• Ken Alltucker of the Arizona Republic said that several parents complained that ReachOut had performed significant dental procedures such as fillings and crowns without properly notifying the parents, but that "the driving force behind the decision was concern that students did not get proper emergency or after-hours care because ReachOut dentists visited just twice a year. (wikipedia.org)
  • Have you been avoiding dental cleanings? (thepilot.com)
  • O2 Dental Group's experienced hygienists take a gentle approach to cleanings and a genuine interest in your overall health, helping to identify illnesses that may have an impact on your teeth and gums while keeping an eye out for potential issues like oral cancer and cavities. (thepilot.com)
  • However, few studies in the literature report the prevalence of DT in disabled persons (DP). (scielo.br)
  • We ask the General Assembly to appropriate recurring funding for Project C.A.R.E. (Caregiver Alternatives to Running on Empty), which provides support, education, training and consumer-directed respite care to caregivers of persons with Alzheimer's disease and other dementias. (aarp.org)
  • We carried out this announced inspection on 10 April 2017 under Section 60 of the Health and Social Care Act 2008 as part of our regulatory functions. (cqc.org.uk)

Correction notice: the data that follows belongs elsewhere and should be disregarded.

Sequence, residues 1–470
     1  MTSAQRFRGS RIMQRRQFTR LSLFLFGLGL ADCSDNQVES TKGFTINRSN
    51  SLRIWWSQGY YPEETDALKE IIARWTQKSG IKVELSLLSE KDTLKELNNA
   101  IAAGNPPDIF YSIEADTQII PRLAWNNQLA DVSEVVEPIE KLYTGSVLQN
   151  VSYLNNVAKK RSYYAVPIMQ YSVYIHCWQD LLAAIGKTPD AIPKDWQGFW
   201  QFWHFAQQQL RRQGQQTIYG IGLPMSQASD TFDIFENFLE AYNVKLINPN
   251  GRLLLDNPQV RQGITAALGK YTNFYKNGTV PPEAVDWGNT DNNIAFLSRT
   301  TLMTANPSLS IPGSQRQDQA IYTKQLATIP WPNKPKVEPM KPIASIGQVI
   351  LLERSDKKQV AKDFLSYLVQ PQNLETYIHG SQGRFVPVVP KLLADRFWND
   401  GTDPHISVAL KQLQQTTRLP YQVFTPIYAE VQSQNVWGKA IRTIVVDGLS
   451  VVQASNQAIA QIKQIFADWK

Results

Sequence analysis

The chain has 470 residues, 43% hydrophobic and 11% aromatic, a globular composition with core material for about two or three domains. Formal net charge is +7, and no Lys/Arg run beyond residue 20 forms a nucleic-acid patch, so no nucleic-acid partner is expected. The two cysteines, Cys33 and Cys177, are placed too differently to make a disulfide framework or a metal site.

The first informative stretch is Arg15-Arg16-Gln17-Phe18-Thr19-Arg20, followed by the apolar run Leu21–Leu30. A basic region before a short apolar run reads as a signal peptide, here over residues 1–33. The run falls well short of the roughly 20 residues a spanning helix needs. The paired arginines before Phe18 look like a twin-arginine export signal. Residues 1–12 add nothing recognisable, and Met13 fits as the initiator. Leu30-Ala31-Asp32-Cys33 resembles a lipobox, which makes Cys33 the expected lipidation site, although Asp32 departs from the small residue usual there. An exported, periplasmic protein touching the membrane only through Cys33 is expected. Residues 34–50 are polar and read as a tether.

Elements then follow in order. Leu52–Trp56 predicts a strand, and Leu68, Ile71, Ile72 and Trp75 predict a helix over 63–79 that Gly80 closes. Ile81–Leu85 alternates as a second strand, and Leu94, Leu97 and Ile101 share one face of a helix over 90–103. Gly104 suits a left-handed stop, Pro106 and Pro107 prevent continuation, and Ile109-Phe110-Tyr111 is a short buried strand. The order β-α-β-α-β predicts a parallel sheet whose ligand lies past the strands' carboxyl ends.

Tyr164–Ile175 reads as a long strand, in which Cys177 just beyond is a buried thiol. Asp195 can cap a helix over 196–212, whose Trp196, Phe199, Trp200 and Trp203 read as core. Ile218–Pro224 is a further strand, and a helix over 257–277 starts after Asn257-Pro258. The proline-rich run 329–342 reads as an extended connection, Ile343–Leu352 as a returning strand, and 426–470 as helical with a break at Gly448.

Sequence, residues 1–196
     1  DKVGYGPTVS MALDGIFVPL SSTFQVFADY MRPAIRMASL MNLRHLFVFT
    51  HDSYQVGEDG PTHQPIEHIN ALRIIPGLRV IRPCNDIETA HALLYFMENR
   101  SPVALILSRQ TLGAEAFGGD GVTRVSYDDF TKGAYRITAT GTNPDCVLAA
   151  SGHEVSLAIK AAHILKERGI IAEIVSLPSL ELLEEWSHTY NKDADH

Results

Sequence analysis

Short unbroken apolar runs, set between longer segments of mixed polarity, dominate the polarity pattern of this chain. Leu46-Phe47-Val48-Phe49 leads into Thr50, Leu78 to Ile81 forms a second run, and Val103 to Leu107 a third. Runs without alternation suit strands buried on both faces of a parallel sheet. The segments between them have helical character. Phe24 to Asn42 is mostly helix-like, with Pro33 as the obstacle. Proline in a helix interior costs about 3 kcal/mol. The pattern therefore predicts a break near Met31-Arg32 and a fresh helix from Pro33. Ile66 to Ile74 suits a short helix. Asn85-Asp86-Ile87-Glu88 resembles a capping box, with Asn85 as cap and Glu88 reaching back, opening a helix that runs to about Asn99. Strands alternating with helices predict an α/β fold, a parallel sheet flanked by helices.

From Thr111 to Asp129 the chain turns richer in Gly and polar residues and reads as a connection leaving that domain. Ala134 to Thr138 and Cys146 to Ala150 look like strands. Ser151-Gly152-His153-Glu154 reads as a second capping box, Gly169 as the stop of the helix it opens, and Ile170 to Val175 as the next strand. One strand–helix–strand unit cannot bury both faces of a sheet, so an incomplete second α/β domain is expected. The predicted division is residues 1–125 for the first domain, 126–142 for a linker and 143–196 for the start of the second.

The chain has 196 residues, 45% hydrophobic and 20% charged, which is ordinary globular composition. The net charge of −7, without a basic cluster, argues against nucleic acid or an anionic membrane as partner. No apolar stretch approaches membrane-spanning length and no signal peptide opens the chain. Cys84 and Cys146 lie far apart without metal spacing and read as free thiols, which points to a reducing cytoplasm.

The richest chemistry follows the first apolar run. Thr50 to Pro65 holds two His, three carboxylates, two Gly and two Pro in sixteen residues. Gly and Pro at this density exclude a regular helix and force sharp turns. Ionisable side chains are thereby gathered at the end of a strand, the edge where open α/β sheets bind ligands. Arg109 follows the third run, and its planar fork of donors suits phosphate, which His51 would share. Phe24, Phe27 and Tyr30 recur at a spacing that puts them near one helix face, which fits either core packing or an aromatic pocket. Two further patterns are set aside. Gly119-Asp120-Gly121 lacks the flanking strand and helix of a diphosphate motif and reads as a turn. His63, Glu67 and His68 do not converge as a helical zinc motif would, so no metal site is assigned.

• En ligne le 25/01/2017. (irdes.fr)
  • There has been a 52% rise in the number of children having to wait more than six months for hospital dental treatment, with 1,498 children forced to wait longer than this in 2017, the party found. (itv.com)
  • In 2017, under-18s waited on average an additional 15 days for dental operations compared with 2013. (itv.com)
  • The Canadian Dental Association reported in 2017 that 32 per cent of Canadians have no dental insurance. (timminspress.com)
  • I'm asking anyone who has any dental experience to please consider her as a potential patient. (cancerfairygodmother.com)
  • The Quality Management's goals are to measure, assess, and improve the performance of key clinical care processes so that South Shore Hospital achieves our desired outcome of optimal service and patient outcomes. (southshorehospital.com)
  • CSHCN represent about two-thirds of the patient population cared for by the dental department (DD-BCCH). (jcda.ca)
  • Joe McCarty, a local resident and now patient in Sullivan's long-term care unit, has lived in Milan almost his entire life - he's turning 100 this year. (kbia.org)
  • Be confident in your decisions by checking out your provider's top areas of care, education, patient reviews and more. (healthgrades.com)
  • The Stony Brook University Hospital and Winthrop University Hospital are dedicated to quality patient care in addition to post graduate clinical training, education and research. (aapd.org)
  • Community agencies caring for intellectually disabled women have potential to impact mammography by using health coordination. (pubmedcentralcanada.ca)
  • While these estimates are based on small sample sizes, it is a provocative preliminary finding, given that intellectually disabled women are also thought to have lower screening rates compared to the general population. (pubmedcentralcanada.ca)